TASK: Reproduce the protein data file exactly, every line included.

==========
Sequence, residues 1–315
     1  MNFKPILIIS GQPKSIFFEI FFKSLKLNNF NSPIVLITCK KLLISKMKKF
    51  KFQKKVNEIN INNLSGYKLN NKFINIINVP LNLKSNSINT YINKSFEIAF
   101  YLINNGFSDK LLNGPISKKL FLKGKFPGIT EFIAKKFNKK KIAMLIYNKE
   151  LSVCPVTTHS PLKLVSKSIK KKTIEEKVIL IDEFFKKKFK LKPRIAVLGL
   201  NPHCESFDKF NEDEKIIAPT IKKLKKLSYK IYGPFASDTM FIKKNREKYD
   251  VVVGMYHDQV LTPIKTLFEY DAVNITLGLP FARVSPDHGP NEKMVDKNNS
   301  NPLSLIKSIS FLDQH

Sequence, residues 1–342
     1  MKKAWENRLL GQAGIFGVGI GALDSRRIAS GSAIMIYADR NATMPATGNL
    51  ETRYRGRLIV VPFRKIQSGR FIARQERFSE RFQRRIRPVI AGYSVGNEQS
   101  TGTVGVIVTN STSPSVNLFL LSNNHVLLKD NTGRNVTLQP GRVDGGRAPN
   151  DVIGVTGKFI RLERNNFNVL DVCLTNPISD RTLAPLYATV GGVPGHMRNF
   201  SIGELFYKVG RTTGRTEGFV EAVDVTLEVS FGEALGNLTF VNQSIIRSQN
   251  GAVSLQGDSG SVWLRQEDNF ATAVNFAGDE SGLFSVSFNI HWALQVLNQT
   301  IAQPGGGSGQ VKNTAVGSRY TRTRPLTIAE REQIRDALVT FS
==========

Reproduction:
Sequence, residues 1–315
     1  MNFKPILIIS GQPKSIFFEI FFKSLKLNNF NSPIVLITCK KLLISKMKKF
    51  KFQKKVNEIN INNLSGYKLN NKFINIINVP LNLKSNSINT YINKSFEIAF
   101  YLINNGFSDK LLNGPISKKL FLKGKFPGIT EFIAKKFNKK KIAMLIYNKE
   151  LSVCPVTTHS PLKLVSKSIK KKTIEEKVIL IDEFFKKKFK LKPRIAVLGL
   201  NPHCESFDKF NEDEKIIAPT IKKLKKLSYK IYGPFASDTM FIKKNREKYD
   251  VVVGMYHDQV LTPIKTLFEY DAVNITLGLP FARVSPDHGP NEKMVDKNNS
   301  NPLSLIKSIS FLDQH

Sequence, residues 1–342
     1  MKKAWENRLL GQAGIFGVGI GALDSRRIAS GSAIMIYADR NATMPATGNL
    51  ETRYRGRLIV VPFRKIQSGR FIARQERFSE RFQRRIRPVI AGYSVGNEQS
   101  TGTVGVIVTN STSPSVNLFL LSNNHVLLKD NTGRNVTLQP GRVDGGRAPN
   151  DVIGVTGKFI RLERNNFNVL DVCLTNPISD RTLAPLYATV GGVPGHMRNF
   201  SIGELFYKVG RTTGRTEGFV EAVDVTLEVS FGEALGNLTF VNQSIIRSQN
   251  GAVSLQGDSG SVWLRQEDNF ATAVNFAGDE SGLFSVSFNI HWALQVLNQT
   301  IAQPGGGSGQ VKNTAVGSRY TRTRPLTIAE REQIRDALVT FS